The sole issue presented for our review is whether a police encounter on a bus of the type described above necessarily constitutes a "seizure" within the meaning of the Fourth Amendment. The State concedes, and we accept for purposes of this decision, that the officers lacked the reasonable suspicion required to justify a seizure and that, if a seizure took place, the drugs found in Bostick's suitcase must be suppressed as tainted fruit.
Our cases make it clear that a seizure does not occur simply because a police officer approaches an individual and asks a few questions. So long as a reasonable person would feel free "to disregard the police and go about his business," California v. Hodari D., 499 U.S. , (1991) (slip op., at 6), the encounter is consensual and no reasonable suspicion is required. The encounter will not trigger Fourth Amendment scrutiny unless it loses its consensual nature. The Court made precisely this point in Terry v. Ohio, 392 U.S. 1, 19, n. 16 (1968): "Obviously, not all personal intercourse between policemen and citizens involves 'seizures' of persons. Only when the officer, by means of physical force or show of authority, has in some way restrained the liberty of a citizen may we conclude that a 'seizure' has occurred."
Since Terry, we have held repeatedly that mere police questioning does not constitute a seizure. In Florida v. Royer, 460 U.S. 491 (1983) (plurality opinion), for example, we explained that "law enforcement officers do not violate the Fourth Amendment by merely approaching an individual on the street or in another public place, by asking him if he is willing to answer some questions, by putting questions to him if the person is willing to listen, or by offering in evidence in a criminal prosecution his voluntary answers to such questions." Id., at 497; see id., at 523, n. 3 (REHNQUIST, J., dissenting).
There is no doubt that if this same encounter had taken place before Bostick boarded the bus or in the lobby of the bus terminal, it would not rise to the level of a seizure. The Court has dealt with similar encounters in airports and has found them to be "the sort of consensual encounters that implicate no Fourth Amendment interest." Florida v. Rodriguez, 469 U.S. 1, 5-6 (1984). We have stated that even when officers have no basis for suspecting a particular individual, they may generally ask questions of that individual, see INS v. Delgado, 466 U.S. 210, 216 (1984); Rodriguez, supra, at 5-6; ask to examine the individual's identification, see Delgado, supra, at 216; Royer, supra, at 501 (plurality opinion); United States v. Mendenhall, 446 U.S. 544, 557-558 (1980); and request consent to search his or her luggage, see Royer, supra, at 501 (plurality opinion) -- as long as the police do not convey a message that compliance with their requests is required.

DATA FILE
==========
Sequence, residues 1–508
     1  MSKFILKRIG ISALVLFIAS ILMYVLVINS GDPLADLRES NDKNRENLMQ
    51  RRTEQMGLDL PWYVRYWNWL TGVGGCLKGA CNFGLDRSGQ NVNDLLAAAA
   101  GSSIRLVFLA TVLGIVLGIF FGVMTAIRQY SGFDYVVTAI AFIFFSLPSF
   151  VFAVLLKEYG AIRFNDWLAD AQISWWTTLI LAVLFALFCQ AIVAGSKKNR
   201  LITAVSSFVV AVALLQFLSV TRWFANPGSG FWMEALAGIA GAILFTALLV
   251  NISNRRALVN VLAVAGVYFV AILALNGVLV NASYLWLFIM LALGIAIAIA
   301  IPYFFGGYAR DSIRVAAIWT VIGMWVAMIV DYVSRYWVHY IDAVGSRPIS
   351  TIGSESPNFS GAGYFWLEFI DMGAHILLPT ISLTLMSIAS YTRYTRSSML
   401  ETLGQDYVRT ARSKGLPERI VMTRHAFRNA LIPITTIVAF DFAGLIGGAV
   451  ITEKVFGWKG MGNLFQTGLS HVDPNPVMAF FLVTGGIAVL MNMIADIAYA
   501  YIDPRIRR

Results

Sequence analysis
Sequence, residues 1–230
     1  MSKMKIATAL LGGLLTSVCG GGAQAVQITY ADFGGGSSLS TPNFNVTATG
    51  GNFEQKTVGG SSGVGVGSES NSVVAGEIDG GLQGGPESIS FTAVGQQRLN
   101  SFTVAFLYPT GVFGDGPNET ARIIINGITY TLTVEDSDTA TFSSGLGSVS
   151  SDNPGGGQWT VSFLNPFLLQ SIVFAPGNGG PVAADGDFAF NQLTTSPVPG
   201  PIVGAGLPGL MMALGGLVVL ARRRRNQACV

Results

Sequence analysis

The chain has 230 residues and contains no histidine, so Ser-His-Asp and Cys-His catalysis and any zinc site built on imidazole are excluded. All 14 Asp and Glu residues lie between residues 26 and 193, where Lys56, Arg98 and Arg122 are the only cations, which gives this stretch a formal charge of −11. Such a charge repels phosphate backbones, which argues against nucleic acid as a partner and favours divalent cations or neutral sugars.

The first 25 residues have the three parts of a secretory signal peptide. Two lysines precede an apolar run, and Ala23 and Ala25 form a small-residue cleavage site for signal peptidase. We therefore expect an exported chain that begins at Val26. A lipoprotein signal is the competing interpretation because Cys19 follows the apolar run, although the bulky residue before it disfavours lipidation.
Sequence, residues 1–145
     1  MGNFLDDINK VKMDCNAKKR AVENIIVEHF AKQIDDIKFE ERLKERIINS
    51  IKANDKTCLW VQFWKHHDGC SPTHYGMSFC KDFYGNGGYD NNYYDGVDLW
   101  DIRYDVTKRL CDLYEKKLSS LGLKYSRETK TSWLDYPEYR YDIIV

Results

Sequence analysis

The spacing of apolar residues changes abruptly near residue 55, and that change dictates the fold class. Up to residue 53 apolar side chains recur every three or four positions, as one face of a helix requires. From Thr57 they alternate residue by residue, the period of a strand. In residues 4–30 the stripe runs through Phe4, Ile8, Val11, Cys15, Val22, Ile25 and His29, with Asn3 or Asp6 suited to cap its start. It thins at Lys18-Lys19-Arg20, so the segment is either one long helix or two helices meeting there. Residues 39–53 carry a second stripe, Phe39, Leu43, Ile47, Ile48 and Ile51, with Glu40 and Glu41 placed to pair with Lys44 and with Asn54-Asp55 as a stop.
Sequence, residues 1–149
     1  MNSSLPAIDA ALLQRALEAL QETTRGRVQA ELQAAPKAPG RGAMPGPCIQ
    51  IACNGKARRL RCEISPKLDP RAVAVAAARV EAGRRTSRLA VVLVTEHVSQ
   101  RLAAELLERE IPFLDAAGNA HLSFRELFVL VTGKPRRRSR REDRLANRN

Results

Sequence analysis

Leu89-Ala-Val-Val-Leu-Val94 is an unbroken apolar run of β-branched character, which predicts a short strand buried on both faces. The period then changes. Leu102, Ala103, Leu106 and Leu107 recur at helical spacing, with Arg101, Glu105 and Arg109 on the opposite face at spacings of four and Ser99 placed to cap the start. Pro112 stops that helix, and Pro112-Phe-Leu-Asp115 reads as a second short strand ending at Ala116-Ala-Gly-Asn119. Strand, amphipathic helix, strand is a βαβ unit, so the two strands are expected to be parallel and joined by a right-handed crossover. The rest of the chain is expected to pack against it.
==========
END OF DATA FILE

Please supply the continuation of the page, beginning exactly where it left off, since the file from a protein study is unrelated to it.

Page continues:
Bostick insists that this case is different because it took place in the cramped confines of a bus. A police encounter is much more intimidating in this setting, he argues, because police tower over a seated passenger and there is little room to move around. Bostick claims to find support in language from Michigan v. Chesternut, 486 U.S. 567, 573 (1988), and other cases, indicating that a seizure occurs when a reasonable person would believe that he or she is not "free to leave." Bostick maintains that a reasonable bus passenger would not have felt free to leave under the circumstances of this case because there is nowhere to go on a bus. Also, the bus was about to depart. Had Bostick disembarked, he would have risked being stranded and losing whatever baggage he had locked away in the luggage compartment.
The Florida Supreme Court found this argument persuasive, so much so that it adopted a per se rule prohibiting the police from randomly boarding buses as a means of drug interdiction. The state court erred, however, in focusing on whether Bostick was "free to leave" rather than on the principle that those words were intended to capture. When police attempt to question a person who is walking down the street or through an airport lobby, it makes sense to inquire whether a reasonable person would feel free to continue walking. But when the person is seated on a bus and has no desire to ...